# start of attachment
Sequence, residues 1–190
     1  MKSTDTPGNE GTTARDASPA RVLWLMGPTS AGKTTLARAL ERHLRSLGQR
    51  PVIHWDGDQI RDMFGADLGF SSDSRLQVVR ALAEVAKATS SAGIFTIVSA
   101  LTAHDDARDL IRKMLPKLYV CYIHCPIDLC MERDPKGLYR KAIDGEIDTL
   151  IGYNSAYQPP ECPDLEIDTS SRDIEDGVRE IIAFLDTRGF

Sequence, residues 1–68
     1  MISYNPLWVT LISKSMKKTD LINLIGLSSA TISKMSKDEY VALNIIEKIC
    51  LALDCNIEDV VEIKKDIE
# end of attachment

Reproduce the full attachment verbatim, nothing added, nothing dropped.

Sequence, residues 1–190
     1  MKSTDTPGNE GTTARDASPA RVLWLMGPTS AGKTTLARAL ERHLRSLGQR
    51  PVIHWDGDQI RDMFGADLGF SSDSRLQVVR ALAEVAKATS SAGIFTIVSA
   101  LTAHDDARDL IRKMLPKLYV CYIHCPIDLC MERDPKGLYR KAIDGEIDTL
   151  IGYNSAYQPP ECPDLEIDTS SRDIEDGVRE IIAFLDTRGF

Sequence, residues 1–68
     1  MISYNPLWVT LISKSMKKTD LINLIGLSSA TISKMSKDEY VALNIIEKIC
    51  LALDCNIEDV VEIKKDIE